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NCAA News Release

Ohio State University and Former Men's Basketball Coaches Penalized for Infractions

Embargoed Until

11 a.m. Eastern Friday, March 10, 2006

Kent Barrett
Associate Director of Public and Media Relations


INDIANAPOLIS --- The NCAA Division I Committee on Infractions has placed Ohio State University on three years probation and penalized the former head coach and a former assistant coach for violations in the sport of men's basketball.

The Committee on Infractions consists of conference and institutional athletics administrators, faculty and a member of the public. The committee independently adjudicates cases investigated by the NCAA Enforcement staff and determines appropriate penalties.

In this case, the committee imposed a five-year show cause penalty against the former head men's basketball coach, who has been terminated by the institution. Should the former head coach seek athletically related employment with another NCAA institution, he and the hiring institution must appear before the Committee on Infractions to determine whether his duties should be limited.

The former assistant coach, who is now a head coach at another NCAA Division I institution, is prohibited by the Committee on Infractions from recruiting until October 1, 2007. If his current institution does not enforce this prohibition, the committee would require the institution to appear before the committee and show cause why additional penalties should not be imposed against that institution.

The case centers on recruiting inducements and extra benefits provided to two international prospective student-athletes. While one prospect ("prospect A") was declared ineligible and never enrolled at Ohio State, the other ("prospect B") continued to receive extra benefits and impermissible academic assistance from boosters after enrollment.

The committee found that the former head coach, in consultation with the former assistant coach, provided $6,000 in cash to assist prospect A's family in Yugoslavia. The money was provided by the former head coach to the former assistant coach for delivery to the family.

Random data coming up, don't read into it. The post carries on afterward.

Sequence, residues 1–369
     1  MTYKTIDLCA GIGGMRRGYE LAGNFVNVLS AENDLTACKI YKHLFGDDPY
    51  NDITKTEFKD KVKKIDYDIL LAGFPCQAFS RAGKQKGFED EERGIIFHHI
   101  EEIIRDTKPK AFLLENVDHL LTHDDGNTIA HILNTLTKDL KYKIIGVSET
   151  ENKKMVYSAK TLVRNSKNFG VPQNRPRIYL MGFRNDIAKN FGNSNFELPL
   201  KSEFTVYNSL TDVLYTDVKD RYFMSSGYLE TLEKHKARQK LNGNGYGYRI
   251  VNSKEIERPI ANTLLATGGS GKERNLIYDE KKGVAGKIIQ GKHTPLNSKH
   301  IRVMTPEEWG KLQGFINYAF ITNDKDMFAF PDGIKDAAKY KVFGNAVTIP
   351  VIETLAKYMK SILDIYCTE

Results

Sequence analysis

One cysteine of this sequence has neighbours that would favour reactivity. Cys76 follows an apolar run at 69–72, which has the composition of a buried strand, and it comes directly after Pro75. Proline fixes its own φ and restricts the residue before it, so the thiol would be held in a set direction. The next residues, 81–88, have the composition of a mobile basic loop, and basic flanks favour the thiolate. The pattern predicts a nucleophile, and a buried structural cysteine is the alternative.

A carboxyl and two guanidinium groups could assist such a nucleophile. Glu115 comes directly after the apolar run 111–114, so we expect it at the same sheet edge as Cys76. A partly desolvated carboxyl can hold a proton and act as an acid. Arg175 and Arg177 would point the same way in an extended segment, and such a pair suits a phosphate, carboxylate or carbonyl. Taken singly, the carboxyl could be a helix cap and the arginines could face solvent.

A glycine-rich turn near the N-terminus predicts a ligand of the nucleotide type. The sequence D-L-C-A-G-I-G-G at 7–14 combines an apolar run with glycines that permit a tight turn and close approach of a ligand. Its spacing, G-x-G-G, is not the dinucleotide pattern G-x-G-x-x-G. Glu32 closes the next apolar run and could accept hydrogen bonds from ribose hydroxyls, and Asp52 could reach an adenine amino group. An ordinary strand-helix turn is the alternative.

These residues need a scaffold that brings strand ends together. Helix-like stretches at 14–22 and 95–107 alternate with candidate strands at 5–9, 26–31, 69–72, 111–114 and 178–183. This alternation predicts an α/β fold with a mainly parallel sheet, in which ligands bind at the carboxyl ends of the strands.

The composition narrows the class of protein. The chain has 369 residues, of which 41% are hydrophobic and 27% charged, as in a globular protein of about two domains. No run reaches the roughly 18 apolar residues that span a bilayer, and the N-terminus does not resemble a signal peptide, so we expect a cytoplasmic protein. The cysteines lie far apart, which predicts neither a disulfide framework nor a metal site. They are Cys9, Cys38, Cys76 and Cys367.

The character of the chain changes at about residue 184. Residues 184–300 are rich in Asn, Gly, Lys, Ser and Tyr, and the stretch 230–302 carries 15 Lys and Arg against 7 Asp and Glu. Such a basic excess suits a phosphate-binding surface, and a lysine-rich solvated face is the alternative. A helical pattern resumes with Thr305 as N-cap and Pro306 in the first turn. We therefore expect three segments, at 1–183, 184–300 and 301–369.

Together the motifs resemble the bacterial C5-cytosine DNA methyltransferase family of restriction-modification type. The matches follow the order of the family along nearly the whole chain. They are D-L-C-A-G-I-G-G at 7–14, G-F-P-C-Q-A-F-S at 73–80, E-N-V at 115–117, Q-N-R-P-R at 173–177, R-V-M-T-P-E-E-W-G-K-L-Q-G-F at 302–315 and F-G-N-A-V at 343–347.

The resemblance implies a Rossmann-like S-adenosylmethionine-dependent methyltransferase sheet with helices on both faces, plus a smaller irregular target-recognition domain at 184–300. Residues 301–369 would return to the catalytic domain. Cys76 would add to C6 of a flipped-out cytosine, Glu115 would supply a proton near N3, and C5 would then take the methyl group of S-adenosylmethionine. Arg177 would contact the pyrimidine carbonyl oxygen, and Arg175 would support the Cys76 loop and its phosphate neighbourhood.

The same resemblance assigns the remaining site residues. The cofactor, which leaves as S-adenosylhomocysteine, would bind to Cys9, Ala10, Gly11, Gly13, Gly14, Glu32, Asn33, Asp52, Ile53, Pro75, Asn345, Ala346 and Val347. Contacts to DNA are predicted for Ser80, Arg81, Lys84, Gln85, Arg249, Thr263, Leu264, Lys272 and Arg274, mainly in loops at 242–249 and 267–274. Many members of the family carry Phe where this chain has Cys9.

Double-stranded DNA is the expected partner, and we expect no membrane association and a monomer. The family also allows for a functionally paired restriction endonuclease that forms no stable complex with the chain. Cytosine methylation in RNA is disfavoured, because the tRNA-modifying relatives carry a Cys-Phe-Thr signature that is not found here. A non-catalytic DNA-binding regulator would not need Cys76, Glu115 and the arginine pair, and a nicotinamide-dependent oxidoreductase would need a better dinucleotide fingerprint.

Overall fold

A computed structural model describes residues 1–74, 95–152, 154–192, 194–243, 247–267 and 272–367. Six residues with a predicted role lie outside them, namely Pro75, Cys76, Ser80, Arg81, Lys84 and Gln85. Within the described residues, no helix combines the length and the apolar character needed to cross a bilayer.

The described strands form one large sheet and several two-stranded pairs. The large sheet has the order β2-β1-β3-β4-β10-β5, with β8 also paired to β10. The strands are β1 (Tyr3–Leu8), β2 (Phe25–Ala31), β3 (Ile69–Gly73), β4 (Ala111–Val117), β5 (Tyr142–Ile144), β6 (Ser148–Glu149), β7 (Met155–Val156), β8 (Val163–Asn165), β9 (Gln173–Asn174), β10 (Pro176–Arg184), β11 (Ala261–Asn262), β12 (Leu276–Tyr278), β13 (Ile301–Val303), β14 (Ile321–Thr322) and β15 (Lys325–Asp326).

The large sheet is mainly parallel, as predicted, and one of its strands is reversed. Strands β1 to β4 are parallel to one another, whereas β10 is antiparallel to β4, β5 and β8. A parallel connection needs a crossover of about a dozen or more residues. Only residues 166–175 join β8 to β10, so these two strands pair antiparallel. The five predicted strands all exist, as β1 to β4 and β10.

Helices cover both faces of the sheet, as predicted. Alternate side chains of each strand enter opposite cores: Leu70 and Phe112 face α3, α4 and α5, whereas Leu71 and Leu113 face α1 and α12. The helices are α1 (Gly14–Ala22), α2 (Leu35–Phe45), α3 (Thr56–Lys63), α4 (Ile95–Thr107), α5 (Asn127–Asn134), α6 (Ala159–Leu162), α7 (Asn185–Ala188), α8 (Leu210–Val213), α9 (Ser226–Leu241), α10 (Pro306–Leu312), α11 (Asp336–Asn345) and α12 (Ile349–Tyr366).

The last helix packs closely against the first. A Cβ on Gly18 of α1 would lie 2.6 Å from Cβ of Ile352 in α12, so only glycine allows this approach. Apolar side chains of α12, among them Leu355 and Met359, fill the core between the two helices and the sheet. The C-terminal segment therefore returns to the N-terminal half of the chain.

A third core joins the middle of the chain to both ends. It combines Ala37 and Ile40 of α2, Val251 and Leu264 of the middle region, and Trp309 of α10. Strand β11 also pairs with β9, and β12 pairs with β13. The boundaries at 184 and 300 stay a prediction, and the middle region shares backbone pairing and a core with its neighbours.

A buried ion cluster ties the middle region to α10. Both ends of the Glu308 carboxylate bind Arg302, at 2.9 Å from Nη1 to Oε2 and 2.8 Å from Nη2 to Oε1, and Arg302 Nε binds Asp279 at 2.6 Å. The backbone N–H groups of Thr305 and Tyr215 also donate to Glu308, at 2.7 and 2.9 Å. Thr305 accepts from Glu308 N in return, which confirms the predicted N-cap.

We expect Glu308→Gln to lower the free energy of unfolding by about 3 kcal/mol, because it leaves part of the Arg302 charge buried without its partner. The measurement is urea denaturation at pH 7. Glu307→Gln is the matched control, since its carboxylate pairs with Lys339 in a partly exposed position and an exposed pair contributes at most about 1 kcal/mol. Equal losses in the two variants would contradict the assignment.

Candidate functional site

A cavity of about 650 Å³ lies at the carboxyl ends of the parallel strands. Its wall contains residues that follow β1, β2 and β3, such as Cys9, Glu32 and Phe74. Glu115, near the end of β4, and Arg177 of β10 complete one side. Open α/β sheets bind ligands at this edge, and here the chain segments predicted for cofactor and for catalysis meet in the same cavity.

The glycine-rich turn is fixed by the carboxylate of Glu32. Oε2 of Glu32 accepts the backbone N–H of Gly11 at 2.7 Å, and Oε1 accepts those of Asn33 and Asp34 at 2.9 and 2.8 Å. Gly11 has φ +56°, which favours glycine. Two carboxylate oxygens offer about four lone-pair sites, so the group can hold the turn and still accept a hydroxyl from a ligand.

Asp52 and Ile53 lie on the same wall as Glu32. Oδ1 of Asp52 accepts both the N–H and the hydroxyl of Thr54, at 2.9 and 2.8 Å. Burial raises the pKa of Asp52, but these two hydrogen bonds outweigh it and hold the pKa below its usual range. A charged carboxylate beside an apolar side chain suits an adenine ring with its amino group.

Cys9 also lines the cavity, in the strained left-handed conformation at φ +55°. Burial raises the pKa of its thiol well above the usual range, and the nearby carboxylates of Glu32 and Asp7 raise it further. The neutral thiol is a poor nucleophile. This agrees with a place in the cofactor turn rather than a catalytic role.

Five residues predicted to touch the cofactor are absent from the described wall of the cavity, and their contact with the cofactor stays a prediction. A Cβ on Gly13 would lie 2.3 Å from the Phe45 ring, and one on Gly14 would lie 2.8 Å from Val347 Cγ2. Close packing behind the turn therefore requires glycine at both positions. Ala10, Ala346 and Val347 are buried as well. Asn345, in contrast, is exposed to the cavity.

According to the committee's March 10 public infractions report, the coaches argued that the payment was not an impermissible recruiting inducement because the prospect was ineligible due to participation in a professional basketball league. The committee noted, however, that he was still a prospect because his eligibility was pending.

"The $6,000 payment was a blatant violation," said committee vice chair Josephine Potuto, faculty athletics representative and a professor of law at the University of Nebraska. "The circumstances surrounding this violation are especially troubling because the former coaches concealed the cash payment from administrators at the institution for over five years."

The coaches also argued that the violation fell outside the four-year statute of limitations outlined in NCAA bylaws. However, the committee noted that the bylaws also contain exceptions for cases involving a pattern of willful violations or a blatant disregard of NCAA bylaws.

The committee found that prospect A also received a number of benefits from a representative of athletics interests, or booster, including cash, lodging, meals and clothing.

The same booster provided prospect B, who went on to compete at Ohio State for four years, with lodging, meals, clothing, merchandise, cash and transportation prior to his enrollment. The committee determined that both former coaches were aware prospect B was in Columbus and living with the booster and that the former assistant helped arranged prospect B's housing.

Upon prospect B's enrollment, the booster continued to provide cash, assisted with a number of expenses and paid for merchandise. Prospect B also received impermissible academic assistance after he enrolled at Ohio State when the booster wrote academic papers for the student-athlete, the result of which was the committee's finding of academic fraud against prospect B.